I’ll take on any car that comes my way and like to think that they will all get a fair hearing…. even when it is an entry-level offering and even if I’ve just stepped out of a supercar.
Just as it takes all kinds of people to make a community, we must expect that it takes a wide range of makes and models to build a “carpark” to cater to everyone.
So it was with that approach that I slid into the seat of the new Kia Rio – the top-specced SLi model for good measure – with the view that it is a car not only critical to the Korean car maker’s success in Australia, but a vehicle firmly aimed at teenage girls, school mums and down-sizing retirees.
It’s not typically the motoring choice of a middle-aged dad. While the wife got to try it out on a school run (as did I for what it is worth in the co-parenting scheme of things) the Rio SLi was put to the test around the city and doing mostly, well, “bloke things”.
How’d it go? Surprisingly bloody good. So good, in fact, that I’d consider putting it on the second-car shopping list with the view that I could live with driving it.
Aside from looking the goods with Euro styling and some clever little sporty touches, the Rio has the very real attraction of being a very affordable option.
The Rio SLi is the top of the range and comes in at $22,990 but an entry level manual S model will set you back just $16,990.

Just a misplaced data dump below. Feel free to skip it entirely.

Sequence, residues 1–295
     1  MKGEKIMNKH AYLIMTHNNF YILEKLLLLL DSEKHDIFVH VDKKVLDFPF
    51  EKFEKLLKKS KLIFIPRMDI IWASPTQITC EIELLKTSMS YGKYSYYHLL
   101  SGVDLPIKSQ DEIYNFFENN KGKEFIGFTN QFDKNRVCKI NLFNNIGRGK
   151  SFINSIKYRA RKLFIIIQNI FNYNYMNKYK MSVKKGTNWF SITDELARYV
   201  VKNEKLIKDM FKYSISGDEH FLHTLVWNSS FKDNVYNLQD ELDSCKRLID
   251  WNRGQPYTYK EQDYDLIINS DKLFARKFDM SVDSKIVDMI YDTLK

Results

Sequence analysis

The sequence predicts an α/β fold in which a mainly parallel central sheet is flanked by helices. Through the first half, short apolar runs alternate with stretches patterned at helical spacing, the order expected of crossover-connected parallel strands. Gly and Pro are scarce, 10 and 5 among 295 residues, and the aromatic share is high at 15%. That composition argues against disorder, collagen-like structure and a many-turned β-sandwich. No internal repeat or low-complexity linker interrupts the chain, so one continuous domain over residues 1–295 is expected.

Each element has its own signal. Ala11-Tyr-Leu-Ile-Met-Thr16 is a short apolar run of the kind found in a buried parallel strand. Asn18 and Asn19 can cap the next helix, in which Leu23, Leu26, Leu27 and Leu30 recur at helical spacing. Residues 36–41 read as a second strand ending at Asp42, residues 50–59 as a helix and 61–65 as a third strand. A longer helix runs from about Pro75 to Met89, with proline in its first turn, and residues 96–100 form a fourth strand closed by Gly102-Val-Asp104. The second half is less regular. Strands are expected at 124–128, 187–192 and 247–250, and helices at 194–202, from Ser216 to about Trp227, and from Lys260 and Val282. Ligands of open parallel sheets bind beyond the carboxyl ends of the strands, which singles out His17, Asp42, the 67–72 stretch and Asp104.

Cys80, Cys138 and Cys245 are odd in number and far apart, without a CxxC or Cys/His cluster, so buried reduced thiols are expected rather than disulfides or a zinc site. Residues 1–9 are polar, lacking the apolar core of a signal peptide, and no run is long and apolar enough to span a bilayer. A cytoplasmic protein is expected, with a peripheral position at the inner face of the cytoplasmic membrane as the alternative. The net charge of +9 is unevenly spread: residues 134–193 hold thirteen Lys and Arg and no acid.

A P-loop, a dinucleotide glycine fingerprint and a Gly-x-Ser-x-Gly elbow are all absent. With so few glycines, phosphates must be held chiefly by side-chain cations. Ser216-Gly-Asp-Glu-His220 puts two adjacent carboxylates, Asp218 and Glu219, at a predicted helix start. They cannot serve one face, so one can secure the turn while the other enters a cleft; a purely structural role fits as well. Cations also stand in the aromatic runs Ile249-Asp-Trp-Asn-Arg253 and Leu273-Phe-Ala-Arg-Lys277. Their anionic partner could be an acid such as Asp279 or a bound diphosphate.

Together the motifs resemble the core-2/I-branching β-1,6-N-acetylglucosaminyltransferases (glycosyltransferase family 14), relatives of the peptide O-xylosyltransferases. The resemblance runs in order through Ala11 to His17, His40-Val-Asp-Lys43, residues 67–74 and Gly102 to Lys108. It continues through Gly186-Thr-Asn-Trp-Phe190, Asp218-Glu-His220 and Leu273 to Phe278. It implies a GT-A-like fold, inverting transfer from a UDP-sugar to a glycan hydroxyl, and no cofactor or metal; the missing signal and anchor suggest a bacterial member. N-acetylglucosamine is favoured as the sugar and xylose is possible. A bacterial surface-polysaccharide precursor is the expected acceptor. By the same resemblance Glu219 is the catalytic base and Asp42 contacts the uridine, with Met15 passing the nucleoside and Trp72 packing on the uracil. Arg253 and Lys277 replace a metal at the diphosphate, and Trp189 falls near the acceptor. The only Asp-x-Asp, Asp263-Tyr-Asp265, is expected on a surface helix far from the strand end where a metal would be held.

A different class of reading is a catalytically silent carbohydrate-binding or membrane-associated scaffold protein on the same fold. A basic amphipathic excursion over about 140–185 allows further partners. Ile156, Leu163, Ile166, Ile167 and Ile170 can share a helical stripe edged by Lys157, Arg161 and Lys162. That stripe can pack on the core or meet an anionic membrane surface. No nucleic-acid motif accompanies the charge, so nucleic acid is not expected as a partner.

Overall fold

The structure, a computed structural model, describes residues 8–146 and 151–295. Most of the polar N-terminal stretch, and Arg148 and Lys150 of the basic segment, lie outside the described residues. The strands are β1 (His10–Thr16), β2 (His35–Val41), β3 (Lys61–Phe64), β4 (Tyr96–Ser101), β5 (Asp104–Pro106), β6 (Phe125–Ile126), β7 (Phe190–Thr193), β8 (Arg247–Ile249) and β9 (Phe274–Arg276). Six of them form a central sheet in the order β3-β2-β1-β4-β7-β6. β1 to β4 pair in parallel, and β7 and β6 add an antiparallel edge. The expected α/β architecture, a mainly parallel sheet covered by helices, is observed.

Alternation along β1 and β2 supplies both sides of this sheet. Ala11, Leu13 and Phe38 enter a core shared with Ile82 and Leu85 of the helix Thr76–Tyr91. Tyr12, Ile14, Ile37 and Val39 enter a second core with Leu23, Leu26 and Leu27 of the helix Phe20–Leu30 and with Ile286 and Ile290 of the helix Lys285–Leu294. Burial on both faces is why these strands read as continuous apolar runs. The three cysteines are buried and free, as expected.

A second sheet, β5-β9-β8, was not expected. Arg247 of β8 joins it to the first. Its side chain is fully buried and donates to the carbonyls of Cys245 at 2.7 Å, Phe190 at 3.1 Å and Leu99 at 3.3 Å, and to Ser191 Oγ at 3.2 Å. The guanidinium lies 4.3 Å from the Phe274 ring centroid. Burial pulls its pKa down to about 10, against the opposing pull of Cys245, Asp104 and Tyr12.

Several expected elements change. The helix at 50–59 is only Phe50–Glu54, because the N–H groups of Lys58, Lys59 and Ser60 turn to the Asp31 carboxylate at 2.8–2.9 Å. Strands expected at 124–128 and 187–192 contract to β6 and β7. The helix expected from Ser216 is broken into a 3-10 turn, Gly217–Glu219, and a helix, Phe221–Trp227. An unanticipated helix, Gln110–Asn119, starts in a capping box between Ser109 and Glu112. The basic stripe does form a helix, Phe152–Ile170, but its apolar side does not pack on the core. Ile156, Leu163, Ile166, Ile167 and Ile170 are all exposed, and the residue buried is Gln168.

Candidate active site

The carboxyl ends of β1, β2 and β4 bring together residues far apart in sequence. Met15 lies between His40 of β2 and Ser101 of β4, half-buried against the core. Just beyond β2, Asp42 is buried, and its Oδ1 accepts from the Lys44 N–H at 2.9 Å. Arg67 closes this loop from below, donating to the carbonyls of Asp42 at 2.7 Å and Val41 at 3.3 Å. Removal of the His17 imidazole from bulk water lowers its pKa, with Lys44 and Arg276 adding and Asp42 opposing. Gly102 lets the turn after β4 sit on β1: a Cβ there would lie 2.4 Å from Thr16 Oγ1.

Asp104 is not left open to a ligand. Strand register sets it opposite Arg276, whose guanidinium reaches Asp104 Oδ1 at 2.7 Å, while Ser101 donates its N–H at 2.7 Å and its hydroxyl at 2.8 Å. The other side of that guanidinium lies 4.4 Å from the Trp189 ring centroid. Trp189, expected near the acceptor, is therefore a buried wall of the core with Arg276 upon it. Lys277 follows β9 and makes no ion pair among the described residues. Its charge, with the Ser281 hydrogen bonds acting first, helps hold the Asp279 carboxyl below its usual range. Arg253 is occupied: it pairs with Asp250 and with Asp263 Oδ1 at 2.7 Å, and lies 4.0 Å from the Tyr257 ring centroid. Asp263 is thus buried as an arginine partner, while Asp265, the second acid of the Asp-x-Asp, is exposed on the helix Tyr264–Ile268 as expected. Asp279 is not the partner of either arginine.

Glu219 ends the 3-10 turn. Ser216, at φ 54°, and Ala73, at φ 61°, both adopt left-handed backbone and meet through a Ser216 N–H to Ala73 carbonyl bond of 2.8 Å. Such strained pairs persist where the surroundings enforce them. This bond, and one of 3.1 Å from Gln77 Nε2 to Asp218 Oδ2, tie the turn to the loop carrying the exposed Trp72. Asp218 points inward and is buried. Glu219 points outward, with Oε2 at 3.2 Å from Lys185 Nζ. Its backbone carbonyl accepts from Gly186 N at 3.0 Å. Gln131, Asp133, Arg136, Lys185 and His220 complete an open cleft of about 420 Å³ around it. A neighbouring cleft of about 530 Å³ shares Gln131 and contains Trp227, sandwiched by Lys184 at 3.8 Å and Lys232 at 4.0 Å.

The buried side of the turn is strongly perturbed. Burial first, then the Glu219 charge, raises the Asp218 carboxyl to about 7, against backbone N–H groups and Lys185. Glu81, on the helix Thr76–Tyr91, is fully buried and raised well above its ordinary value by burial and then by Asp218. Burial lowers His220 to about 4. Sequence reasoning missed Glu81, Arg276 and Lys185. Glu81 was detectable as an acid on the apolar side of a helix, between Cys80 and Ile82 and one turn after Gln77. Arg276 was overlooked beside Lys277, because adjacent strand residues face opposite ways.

The 1.4-litre engine isn’t going to set the world on fire in the performance stakes, but the Rio comes with plenty of kit to make being behind the wheel a fun place to be.
The base model has 15-inch steel wheels, halogen daytime running lights and cloth seats. There’s electric mirrors, power windows front and rear, manual air-con and a metal-look dash insert.
Technology upgrades on the previous model come in the form of Apple CarPlay, Android Auto-equipped, and a 7.0-inch touchscreen paired with six speakers.
Going up through the models will put 15-inch alloy wheels, LED DRLs, front fog lights, a chrome surround on the front grille and heated wing mirrors with an integrated indicator.
Navigation also comes as standard on levels above the base model, along with cruise control and a sportier steering wheel.
The SLi model, as tested, gets 16-inch alloys, a sunroof and privacy glass. The faux-leather seat trim is a nice touch and auto wipers and a dash display for parking sensors make for easier driving.
Performance isn’t the Kia Rio’s thing, as stated, but the 74kW is adequate around the city and matched to the market the model is pitched at. The auto model also uses just 6.2L/100km, with the manual in the base offering uses just 5.6L/100km.
Kia has done well with the steering and suspension – steering is responsive and suspension firm enough to give something of a sporty feel.
The Kia Rio SLi is not for everyone, I’m certain, but it is certainly not something to walk by if you’re in the market for a second set of wheels.